Marks & Spencer has been fined £1m for failing to protect customers, staff and workers from potential exposure to asbestos after ceiling tiles containing the deadly material fell to the floor during a store refurbishment programme.
Customers at the company’s stores in Reading and Bournemouth were put at risk of exposure to asbestos in 2006 and 2007 during the refurbishments, a court heard.
Judge Christopher Harvey Clark QC said the company was more interested in profits than planning asbestos removal.
Marks & Spencer said it had acted responsibly and was "disappointed" at the court’s findings.
The Marks & Spencer shop in Broad Street, Reading, was being refurbished when ceiling tiles containing the cancer-causing material fell to the floor.
"The response from Marks & Spencer was, in effect, to turn a blind eye to what was happening... it was already costing the company too much money," the judge told Bournemouth Crown Court.
He said the "tension" between health and safety and profit had caused the "lamentable problems" which had led to ceiling dust possibly containing asbestos falling to the shop floor when it was open.
"There was systemic failure on behalf of M&S management. There has been no hint of a proper full apology for what happened."
The judge added that the company had failed to take responsibility for the breaches.
"Asbestos is an extremely hazardous material. It's a class one human carcinogen. Common sense dictates that the utmost safety precautions are taken when removing asbestos otherwise lives will be put at risk.”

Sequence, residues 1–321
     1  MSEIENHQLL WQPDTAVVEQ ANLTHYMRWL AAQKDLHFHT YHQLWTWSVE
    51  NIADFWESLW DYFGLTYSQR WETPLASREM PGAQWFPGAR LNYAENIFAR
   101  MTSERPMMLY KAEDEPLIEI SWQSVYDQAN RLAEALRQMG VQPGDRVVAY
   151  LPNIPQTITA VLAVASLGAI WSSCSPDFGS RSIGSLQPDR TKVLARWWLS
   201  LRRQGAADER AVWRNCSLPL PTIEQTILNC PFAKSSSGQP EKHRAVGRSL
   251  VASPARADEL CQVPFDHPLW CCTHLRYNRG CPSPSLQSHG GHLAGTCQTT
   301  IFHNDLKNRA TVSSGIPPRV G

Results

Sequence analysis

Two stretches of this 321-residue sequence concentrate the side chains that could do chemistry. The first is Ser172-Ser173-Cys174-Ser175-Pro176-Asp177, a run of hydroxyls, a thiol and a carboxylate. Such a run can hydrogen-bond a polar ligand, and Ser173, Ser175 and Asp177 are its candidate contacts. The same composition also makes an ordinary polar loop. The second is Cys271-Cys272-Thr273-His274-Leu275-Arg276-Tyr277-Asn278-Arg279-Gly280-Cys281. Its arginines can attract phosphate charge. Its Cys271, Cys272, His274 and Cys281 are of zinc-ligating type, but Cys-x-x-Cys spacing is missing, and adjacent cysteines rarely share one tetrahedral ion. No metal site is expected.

He said that people who visited the store during the work "have a right to be anxious as to whether they have breathed in asbestos fibres".
Marks & Spencer was convicted of two charges under the Health and Safety at Work Act 1974 of failing to ensure the health and safety of its staff and others at the Reading store in July.
It was fined £500,000 for each offence.
During the three-month trial at Winchester Crown Court, it was revealed Marks & Spencer guidance on asbestos removal was not fully followed by the contractors carrying out the refurbishments.
However, the court also heard the company had a "duty of care" to ensure the work was carried out safely.
Inhalation of asbestos, which was widely used as a building material from the 1950s until 2000, can cause cancer and other serious diseases which the Health and Safety Executive says is responsible for about 4,000 deaths a year.
In a statement, Marks & Spencer said: "We are very disappointed with the result of this case, as we believe that we have always acted responsibly and with a safety first attitude.
"The health and safety of our employees, customers and contractors is of the utmost importance to us.
"We hope to continue to work closely with the HSE in the future to ensure that strict regulations and safety standards relating to asbestos are maintained."
Patrick McGuire of Thompsons Solicitors who specialise in dealing with asbestos cases said: “It seems quite incredible that a company of Marks and Spencer’s standing adopted such a cavalier attitude to the risks of asbestos exposure.
“Perhaps even more worrying is the Judge’s conclusion that profitability and the need to minimise disruption to shoppers apparently took priority over ensuring any threat of asbestos exposure was dealt with in a responsible and professional way.
“The scale of the fine reflects the seriousness of this offence, but will do little to reassure shoppers who fear they may have breathed in asbestos fibres while shopping in what they must have assumed was perfect safety”.
If you or a family member suffers from a work related cancer, be it mesothelioma, asbestosis or pleural plaques then contact Thompsons today on 0800 0891331 and we can help you claim the compensation you deserve on a No Win No Fee basis.